Penn State Brandywine students design, build remote access telescope

Sarah Kizun of Penn State Brandywine

The team created the telescope using the campus' 3-D printers. Pictured is Penn State Brandywine engineering major Sarah Kizun removing a part from the printer for assembly.  

Credit: Michael McDade

MEDIA, Pa. — When Penn State Brandywine obtained its first 3-D printer several years ago, Associate Professor of Engineering Asad Azemi knew it would spark big ideas in the science and engineering departments on campus.

“We had been looking for a new way to get students engaged with hands-on engineering projects,” he said. “I was specifically looking for a multi-semester, multifaceted project that would expose students to not only engineering, but the fields surrounding it.”

The project started when a student approached Azemi with information about a 3-D-printable, open source telescope. After receiving funding from the campus and Penn State’s College of Engineering, Azemi, along with students and other faculty members, began printing the telescope.

As the team printed, assembled and even redesigned portions of the telescope, the original plan quickly morphed into a more ambitious goal.

“We basically asked ourselves, ‘Why can’t we build a telescope that you can operate from home?’” Azemi said. “We wanted to build something that people could log into remotely and use to take pictures — something accessible to the whole community.”

Today, engineering students Steve Bardos, Sarah Kizun, Melissa Sohn and Michael Vita are doing exactly that, with guidance from their Brandywine faculty advisers Azemi; Timothy Niiler, assistant teaching professor of chemistry and physics; Timothy Lawlor, associate professor of physics and astrophysics; and Martin Yeh, assistant professor of information sciences and technology.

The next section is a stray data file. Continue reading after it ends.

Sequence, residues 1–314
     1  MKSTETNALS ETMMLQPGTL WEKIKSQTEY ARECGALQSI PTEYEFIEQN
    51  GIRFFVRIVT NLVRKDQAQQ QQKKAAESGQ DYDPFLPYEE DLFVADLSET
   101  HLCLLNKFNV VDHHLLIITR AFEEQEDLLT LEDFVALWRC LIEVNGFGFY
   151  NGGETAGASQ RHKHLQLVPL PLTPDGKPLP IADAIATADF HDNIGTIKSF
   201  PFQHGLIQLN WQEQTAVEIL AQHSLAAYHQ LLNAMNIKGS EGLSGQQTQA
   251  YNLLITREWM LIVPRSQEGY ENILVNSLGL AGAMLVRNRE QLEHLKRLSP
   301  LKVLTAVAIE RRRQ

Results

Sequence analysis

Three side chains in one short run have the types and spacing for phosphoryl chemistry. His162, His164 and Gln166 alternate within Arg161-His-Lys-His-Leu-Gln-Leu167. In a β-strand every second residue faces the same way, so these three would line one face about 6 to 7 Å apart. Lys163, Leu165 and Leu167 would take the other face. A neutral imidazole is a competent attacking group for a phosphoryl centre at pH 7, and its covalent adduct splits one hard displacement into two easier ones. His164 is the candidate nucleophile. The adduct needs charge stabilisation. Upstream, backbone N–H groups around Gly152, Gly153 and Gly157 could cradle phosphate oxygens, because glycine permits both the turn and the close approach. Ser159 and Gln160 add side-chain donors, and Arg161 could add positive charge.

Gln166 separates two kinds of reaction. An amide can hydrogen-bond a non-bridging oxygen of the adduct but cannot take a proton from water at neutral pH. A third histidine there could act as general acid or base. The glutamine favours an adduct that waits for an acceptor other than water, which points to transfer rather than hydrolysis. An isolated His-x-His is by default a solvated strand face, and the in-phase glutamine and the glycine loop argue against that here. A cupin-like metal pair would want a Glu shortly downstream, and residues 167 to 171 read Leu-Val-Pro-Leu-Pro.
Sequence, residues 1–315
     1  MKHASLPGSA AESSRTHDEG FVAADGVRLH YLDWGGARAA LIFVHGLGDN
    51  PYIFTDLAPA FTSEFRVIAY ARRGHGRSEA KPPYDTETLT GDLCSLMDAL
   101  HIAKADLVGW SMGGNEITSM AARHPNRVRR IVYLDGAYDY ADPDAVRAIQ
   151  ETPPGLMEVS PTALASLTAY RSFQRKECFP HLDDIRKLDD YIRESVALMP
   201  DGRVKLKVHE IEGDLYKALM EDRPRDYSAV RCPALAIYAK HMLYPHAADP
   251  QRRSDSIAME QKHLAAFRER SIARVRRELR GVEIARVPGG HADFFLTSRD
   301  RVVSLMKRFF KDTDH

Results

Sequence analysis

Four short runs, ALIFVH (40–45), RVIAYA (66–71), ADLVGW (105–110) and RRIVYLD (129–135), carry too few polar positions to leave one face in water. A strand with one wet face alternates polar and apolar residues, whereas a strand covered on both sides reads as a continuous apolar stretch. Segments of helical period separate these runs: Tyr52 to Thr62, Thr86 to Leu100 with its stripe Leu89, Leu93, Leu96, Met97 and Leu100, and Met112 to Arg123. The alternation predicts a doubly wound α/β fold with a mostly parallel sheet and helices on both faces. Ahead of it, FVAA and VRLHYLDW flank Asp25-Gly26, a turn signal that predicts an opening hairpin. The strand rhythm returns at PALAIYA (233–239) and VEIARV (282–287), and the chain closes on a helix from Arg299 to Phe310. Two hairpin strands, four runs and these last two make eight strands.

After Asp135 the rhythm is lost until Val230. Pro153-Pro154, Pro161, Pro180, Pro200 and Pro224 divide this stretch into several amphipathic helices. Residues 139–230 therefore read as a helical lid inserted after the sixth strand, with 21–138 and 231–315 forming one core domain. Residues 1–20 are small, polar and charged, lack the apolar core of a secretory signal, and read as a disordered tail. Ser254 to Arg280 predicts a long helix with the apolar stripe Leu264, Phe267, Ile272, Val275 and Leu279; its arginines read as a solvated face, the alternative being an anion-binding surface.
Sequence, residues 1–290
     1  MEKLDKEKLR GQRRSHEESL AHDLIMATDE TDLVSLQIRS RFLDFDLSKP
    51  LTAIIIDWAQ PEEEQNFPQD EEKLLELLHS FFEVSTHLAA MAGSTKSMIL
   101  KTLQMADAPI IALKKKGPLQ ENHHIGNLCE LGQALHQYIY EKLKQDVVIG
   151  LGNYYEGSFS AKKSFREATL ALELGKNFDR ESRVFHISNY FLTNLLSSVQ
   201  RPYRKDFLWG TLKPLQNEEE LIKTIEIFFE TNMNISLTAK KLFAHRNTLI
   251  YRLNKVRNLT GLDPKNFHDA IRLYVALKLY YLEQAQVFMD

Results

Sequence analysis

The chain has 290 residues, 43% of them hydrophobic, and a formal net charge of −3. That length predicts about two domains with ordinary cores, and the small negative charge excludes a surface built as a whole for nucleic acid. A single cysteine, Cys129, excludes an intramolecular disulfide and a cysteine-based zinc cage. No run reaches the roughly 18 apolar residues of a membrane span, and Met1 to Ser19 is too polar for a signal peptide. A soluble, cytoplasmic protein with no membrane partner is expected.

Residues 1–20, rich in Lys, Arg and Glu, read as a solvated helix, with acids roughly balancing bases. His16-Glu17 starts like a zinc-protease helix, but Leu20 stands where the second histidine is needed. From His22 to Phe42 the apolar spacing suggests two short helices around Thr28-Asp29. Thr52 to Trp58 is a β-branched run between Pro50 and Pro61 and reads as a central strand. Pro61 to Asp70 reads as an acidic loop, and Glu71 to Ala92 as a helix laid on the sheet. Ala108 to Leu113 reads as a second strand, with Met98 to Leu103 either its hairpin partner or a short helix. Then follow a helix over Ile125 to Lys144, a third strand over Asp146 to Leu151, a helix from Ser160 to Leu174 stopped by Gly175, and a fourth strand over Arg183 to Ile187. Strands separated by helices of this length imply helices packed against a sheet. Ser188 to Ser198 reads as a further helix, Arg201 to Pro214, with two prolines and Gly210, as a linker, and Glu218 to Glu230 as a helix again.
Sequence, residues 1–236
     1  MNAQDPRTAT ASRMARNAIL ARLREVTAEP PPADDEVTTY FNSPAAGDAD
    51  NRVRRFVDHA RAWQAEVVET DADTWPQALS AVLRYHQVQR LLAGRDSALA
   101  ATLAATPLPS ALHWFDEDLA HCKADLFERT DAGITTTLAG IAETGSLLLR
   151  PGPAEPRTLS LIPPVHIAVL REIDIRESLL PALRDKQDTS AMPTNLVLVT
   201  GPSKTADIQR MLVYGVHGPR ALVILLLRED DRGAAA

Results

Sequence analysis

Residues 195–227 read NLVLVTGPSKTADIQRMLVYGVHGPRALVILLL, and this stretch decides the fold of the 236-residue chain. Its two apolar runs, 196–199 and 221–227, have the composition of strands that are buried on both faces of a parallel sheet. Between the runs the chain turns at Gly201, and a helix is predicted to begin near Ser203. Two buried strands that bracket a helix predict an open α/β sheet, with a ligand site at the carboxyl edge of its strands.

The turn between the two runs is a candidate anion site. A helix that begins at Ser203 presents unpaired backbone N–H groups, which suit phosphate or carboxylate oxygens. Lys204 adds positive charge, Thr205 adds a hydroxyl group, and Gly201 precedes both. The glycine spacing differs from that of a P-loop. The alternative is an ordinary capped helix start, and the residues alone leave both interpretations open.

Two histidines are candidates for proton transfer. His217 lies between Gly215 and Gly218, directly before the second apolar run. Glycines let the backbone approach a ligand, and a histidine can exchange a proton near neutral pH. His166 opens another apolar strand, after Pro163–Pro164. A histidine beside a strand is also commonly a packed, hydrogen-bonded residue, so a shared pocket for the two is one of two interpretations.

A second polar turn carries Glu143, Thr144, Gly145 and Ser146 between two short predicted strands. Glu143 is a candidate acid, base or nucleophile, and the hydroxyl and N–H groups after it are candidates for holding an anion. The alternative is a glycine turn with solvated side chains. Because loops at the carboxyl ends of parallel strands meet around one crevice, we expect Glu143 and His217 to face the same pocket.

All four students are enrolled in Penn State Brandywine and Penn State Abington’s four-year engineering program. The first two years of the program focus on foundational engineering coursework, which can be completed at Brandywine or Abington. The next two years of advanced engineering coursework are completed at the new engineering facilities at Penn State Great Valley, where students study engineering design with an emphasis on robotics applications. Kizun and Vita started the program at the Brandywine campus, while Bardos and Sohn started at Abington.

“This project allowed us to work with several different programming and computing systems that we haven’t used in the classroom,” Kizun said. “Being involved in a hands-on project gave us a greater depth of knowledge.”

“These types of projects are great for team building, too,” Vita added. “Sure, we’re learning the necessary hard skills, but we’re also learning how to work collaboratively with several different groups. That’s something we’ll need to do in our future jobs. Getting that exposure now prepares us.”

The multifaceted nature of the project means that the students involved are crossing traditional disciplinary boundaries to achieve results. In addition to gaining hands-on engineering experience, the students draw upon principles from physics, mathematics, astronomy and programming on a regular basis.

“It challenges them to cast a wide net. You need mechanical expertise, but also electronics and programming to design the app connecting users to the telescope,” Azemi said. “The future plan is to have an observatory where several telescopes can be accessed via the web. In addition to the 3-D-printed telescope, we are planning to design remote access capabilities for our other existing telescopes so that people can operate them from home and download pictures on their phones or computers.”

With many goals still up ahead for the telescope design team, Azemi acknowledges that the project will take several semesters to complete. However, along the way, it is fulfilling the original, short-term goal — giving Brandywine students an opportunity to become creative, curious and accomplished engineers.

“The whole idea was to get our students excited about engineering, technology and teamwork,” he said. “When we introduce our students to hands-on projects, they have space to experience the full learning cycle of challenges and successes before leaving campus.”